Let the lens talk

Artists, photographers and budding lensmen stretch the medium to its maximum at Jamia's M.F. Husain gallery

September 03, 2010 05:46 pm | Updated November 28, 2021 09:29 pm IST - NEW DELHI

A photo by Prashant Panjiar. Photo: Special Arrangement.

A photo by Prashant Panjiar. Photo: Special Arrangement.

In the overcrowded scene of photography shows in the Capital, lensman Sandeep Biswas, at the risk of sounding self-indulgent, claims “A Tribute to the Lens” at M.F. Husain Gallery, Jamia Millia Islamia University, to be different. Explaining why this group exhibition — which includes veterans, upcoming photographers and students and goes to assimilate even artists who have been using this medium in their art practice — stands out, Biswas says, “When people go to a photography exhibition, they go there with one perspective but here we talk about the lens and myriad possibilities with the medium.” Truly enough, the 60 works by the well-known names from the world of art and photography, 20 attempted by the university's students and seven videos establish the creativity happening around the medium.

In different hands, the tool takes on different meanings. While in the images of Ram Rahman, Prashant Panjiar, Partha Sanyal and Sunil Gupta the viewer encounters a natural situation, sculptor Arunkumar HG, artists Shivani Aggarwal and Bula Bhattacharya and environmentalist photographer Ravi Agarwal and several others go beyond the given image to show the unseen. Like Arunkumar HG's digital print pondering on the issue of urbanisation has high-rise buildings morphed into mustard fields, Vicky Roy's humour-laced image of lockers with men's briefs hanging from each one of them, or Agarwal's side view of a two-storey building with a digitally created human figure on it and lots of waste in the front. Roy was a ragpicker and is now successfully pursuing his passion of photography. His talent was identified and given adequate push by Ram Rahman and Mira Nair. The young photographer also delivered a talk at the venue.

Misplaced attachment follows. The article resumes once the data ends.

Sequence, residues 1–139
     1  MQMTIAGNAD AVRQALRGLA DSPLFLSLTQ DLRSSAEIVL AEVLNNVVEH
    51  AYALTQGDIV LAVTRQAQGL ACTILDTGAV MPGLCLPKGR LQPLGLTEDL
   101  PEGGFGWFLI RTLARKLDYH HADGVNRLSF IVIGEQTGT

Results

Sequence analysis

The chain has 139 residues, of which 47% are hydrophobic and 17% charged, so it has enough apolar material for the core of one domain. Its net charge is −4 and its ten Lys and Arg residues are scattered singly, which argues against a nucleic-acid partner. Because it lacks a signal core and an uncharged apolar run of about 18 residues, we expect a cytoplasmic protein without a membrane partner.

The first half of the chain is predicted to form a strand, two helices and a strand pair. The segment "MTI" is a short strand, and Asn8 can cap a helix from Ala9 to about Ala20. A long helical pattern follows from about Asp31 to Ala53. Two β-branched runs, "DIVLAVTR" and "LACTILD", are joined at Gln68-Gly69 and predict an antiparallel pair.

Probir Gupta's work on violence blending painting and photography depicts yet another possibility with it. The classic comes in the form of the two images from the famous Kulwant Roy Archive. Roy, the eminent press photographer and contemporary of Homai Vyarawalla, shows us the Kashmir of 1950. There is a work by Malkiat Singh as well. The image of a middle-aged Sikh holding roosters is from his forever growing body of works focussing on Sikhism. The faculty of Jamia Millia Islamia University — Prof Ghazanfar Zaidi, Dean, Faculty of Fine Arts; Asghar Wajahat and a few others too feature in the show.

(The show is on till September 20)

Top News Today

Sign in to unlock member-only benefits!
  • Access 10 free stories every month
  • Save stories to read later
  • Access to comment on every story
  • Sign-up/manage your newsletter subscriptions with a single click
  • Get notified by email for early access to discounts & offers on our products
Sign in


Comments have to be in English, and in full sentences. They cannot be abusive or personal. Please abide by our community guidelines for posting your comments.

We have migrated to a new commenting platform. If you are already a registered user of The Hindu and logged in, you may continue to engage with our articles. If you do not have an account please register and login to post comments. Users can access their older comments by logging into their accounts on Vuukle.